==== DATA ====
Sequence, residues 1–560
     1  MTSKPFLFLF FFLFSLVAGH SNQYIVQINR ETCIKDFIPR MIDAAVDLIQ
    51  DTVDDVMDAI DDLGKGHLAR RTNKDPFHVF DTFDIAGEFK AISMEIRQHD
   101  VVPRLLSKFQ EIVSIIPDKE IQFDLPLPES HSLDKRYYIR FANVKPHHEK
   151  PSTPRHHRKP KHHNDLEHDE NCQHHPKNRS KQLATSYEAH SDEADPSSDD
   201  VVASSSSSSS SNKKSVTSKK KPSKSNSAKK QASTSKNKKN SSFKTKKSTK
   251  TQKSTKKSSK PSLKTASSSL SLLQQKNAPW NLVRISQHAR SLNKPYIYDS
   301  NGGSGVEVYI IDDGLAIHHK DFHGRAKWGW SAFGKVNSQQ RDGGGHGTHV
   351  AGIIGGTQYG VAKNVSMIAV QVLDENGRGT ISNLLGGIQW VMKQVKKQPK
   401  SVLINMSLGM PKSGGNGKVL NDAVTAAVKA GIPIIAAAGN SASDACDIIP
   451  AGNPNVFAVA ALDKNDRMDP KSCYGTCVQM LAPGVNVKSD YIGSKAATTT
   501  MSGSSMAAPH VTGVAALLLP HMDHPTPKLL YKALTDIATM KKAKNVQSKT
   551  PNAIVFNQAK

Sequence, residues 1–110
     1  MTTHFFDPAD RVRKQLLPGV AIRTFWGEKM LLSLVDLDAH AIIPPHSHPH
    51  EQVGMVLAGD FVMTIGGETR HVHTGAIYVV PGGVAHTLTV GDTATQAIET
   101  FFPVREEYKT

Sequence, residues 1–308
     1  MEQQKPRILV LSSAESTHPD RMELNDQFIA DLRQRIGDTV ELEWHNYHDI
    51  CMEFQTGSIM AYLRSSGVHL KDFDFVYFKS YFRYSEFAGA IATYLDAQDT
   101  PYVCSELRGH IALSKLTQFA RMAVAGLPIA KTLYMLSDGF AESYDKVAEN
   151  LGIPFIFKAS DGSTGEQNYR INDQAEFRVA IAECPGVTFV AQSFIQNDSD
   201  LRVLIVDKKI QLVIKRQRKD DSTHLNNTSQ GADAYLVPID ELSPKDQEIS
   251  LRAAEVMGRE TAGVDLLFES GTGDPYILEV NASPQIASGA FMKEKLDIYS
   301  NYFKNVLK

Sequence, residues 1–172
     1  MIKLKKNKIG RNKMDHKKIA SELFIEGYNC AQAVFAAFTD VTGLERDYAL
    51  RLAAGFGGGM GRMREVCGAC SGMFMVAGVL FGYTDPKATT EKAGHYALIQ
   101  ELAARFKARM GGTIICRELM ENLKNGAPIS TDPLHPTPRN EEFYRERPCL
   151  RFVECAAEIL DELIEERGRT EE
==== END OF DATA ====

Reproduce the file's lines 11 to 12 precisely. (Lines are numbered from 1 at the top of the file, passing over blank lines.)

   451  AGNPNVFAVA ALDKNDRMDP KSCYGTCVQM LAPGVNVKSD YIGSKAATTT
   501  MSGSSMAAPH VTGVAALLLP HMDHPTPKLL YKALTDIATM KKAKNVQSKT